The e-election taskforce has completed a report which includes 25 proposals for supplementing Estonia's e-election system, improving its reliability and managing its risks.
Minister of Foreign Trade and Information Technology Kaimar Karu said that the report provided a useful overview of the issues surrounding e-elections.
"The current e-election system has been in development and use since 2005 already, and, as with any other complex system, it requires continued further development and improvement," Karu said in a press release on Thursday.
The report by the taskforce, which was launched by previous IT minister Kert Kingo (EKRE), will serve as one input in agreeing on further concrete steps in cooperation with other involved ministries and agencies.
"The e-election system can definitely be viewed as part of the state's core infrastructure by now, and its funding and development are an extremely high priority," he said. "We must continue to be sure that we are using the best technology currently available while also taking into account, to the extent possible, future changes in both cryptography and technology capabilities in general."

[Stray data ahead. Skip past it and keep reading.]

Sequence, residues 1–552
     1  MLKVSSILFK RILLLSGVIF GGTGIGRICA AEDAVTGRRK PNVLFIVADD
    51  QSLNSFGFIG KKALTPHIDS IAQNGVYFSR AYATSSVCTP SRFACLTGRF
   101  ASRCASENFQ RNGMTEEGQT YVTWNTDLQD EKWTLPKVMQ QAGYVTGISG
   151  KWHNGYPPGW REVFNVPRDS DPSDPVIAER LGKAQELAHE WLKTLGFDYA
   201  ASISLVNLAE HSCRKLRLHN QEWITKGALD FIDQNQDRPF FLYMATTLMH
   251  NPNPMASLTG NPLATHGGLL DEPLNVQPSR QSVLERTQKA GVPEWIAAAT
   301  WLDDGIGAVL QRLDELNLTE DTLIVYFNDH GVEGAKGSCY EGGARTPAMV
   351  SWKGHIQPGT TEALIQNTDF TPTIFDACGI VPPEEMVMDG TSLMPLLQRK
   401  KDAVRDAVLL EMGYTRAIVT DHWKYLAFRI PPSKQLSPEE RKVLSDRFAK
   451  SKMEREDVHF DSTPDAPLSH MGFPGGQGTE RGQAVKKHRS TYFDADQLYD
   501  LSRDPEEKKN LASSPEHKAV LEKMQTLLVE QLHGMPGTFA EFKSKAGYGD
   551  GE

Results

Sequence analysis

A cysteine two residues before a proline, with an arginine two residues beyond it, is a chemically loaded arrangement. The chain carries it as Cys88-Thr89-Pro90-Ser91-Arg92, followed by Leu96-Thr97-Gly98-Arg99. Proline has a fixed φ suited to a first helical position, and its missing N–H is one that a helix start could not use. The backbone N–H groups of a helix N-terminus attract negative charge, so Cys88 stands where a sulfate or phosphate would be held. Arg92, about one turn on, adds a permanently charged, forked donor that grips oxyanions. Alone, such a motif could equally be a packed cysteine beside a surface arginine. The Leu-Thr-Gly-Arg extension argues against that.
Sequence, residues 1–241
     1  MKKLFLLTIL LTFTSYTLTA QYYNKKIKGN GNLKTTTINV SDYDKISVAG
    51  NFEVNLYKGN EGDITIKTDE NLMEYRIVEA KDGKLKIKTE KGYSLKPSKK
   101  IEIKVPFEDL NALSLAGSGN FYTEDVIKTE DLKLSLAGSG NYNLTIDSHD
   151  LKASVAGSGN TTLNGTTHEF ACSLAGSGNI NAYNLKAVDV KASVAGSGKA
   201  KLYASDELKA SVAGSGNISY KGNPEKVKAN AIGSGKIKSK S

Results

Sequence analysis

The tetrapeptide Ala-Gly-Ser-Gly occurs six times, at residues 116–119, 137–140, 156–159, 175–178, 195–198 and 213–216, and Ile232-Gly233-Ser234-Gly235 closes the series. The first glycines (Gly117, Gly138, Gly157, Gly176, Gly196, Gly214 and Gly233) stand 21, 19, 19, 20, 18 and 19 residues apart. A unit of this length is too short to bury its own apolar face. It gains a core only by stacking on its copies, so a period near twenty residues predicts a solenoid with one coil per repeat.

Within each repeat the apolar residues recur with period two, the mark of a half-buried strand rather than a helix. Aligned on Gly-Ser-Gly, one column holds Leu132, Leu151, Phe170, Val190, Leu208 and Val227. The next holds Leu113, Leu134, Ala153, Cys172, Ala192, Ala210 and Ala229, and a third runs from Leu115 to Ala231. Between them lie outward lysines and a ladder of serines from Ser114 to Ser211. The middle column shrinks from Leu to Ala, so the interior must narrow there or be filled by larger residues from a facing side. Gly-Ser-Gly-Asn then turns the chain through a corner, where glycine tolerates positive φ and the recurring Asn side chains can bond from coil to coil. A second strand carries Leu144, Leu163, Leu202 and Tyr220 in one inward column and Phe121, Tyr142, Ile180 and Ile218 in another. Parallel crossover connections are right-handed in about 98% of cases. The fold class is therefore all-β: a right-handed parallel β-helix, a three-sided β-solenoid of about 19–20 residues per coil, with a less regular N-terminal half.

According to the minister, legislative aspects regarding e-elections will be reviewed in cooperation with the Ministry of Justice and the State Electoral Office.
"We also need to make sure that the principles on which e-elections are based are socially accepted," he continued. "We will definitely also seriously consider the proposal to ensure the strong representation of all parties in the observation of e-elections."
Karu noted that work on the issues addressed by the report must continue, and that serious cooperation would now begin on implementing the next steps.
"Work to ensure the security and transparency of the system must be consistent, not episodic," he said. "We want to learn from international experience and involve even more independent international experts than before. We will definitely also form the next task forces for addressing more concrete issues in greater depth and achieving set goals."
Over a period of six months, the e-election task force analyzed all submitted proposals for improvement, and the finished report highlights 25 of the most important assessments and suggestions.
The taskforce was led by Raul Rikk, national cyber security policy director at the Ministry of Economic Affairs and Communications, and also included Tarvi Martens, Tanel Tammet, Mihkel Solvak, Liia Hanni, Epp Maaten, Mart Põder, Mihkel Tammet, Mariko Jõeorg-Jurtšenko, Martti Allingu, Arne Koitmäe, Tarmo Hanga, Alo Einla and Heldur-Valdek Seeder.
Editor: Aili Vahtla